Another in our series of new transcriptions of contemporary articles on the Leo Frank case.
Thursday, May 8th, 1913
Witnesses Are Quizzed in Detail, but Nothing Important Brought Out. Officials Say They Are Satisfied With Case as It Is Being Developed.
Whatever evidence the police officials may have directly to connect any of the suspects with the killing of Mary Phagan, it was not produced at the early session of the Coroner’s inquest Thursday.
What this evidence is the officials refuse to say—except that they are satisfied with the progress that is being made in unraveling the mystery.
Leo Frank, superintendent of the National Pencil Factory, is expected to be the most important witness of the day.
It is said that an entirely new line of questioning will be taken up.
W. W. (“Boots”) Rogers, former county policeman, and Lemmie Quinn, foreman in the tipping department at the National Pencil Factory, were the principal witnesses. Neither gave testimony that was materially damaging to either Leo M. Frank or Newt Lee, who are being held in connection with the crime.
Rogers was questioned closely of the events of the morning the crime was discovered, and told of taking the officers to the scene in his automobile. Beyond his belief that Frank appeared nervous when he was visited at his home by the detectives, Rogers had no information that appeared to point suspicion in one direction more than another.
He was sure, however, that the time clock tape on which Newt Lee, the night watchman, registered his half-hour rounds of the factory had no “misses” when it was taken from the clock by Frank that morning. Three misses were found on a tape subsequently brought to Police Headquarters.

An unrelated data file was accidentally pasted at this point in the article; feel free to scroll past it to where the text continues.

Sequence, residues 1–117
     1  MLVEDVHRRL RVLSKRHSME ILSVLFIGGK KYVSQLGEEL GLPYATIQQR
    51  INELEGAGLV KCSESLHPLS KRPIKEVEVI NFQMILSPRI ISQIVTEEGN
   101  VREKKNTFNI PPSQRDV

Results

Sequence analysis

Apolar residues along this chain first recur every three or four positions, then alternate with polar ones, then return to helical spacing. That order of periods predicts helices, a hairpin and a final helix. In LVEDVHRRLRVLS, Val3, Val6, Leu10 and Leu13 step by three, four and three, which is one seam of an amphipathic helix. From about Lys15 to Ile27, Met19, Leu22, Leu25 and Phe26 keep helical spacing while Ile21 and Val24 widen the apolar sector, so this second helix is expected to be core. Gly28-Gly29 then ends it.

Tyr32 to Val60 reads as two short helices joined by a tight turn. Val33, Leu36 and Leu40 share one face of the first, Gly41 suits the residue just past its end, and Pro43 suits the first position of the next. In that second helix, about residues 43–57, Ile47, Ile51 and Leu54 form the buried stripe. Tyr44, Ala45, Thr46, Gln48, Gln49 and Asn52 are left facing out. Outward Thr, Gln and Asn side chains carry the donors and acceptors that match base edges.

Quinn’s Story Unchanged.
An effort was made without avail to break down the story of Lemmie Quinn that he was at the factory and talked to Frank between 12:10 and 12:20 the Saturday afternoon of the tragedy. Coroner Donehoo tried to get Quinn to admit that he previously had told officers who interviewed him that he was not at the factory between Friday and the following Sunday.
Quinn steadfastly refused to admit that he had made a statement of the sort. He supported Frank’s testimony of last Monday by insisting that he visited the factory for a few minutes and went into Frank’s office.
Miss Hattie Hall, the stenographer who was at the factory office Saturday until noon, was another of the witnesses called to the stand during the forenoon. She testified as to Frank’s movements while she was there.
Frank Pale, but Calm.
Frank was brought into the Commissioner’s Room in the police station before the inquest began, but later was excused and Rogers called.
The factory superintendent was pale, but calm and collected. He whispered a few words to his counsel, Luther Z. Rosser, and smiled faintly at a remark that was made to him. He appeared to show the strain of the days since he has been in a cell.
Lee was not admitted to the room at the beginning of the hearing, but was detained in a nearby office. The night watchman seemed almost indifferent.
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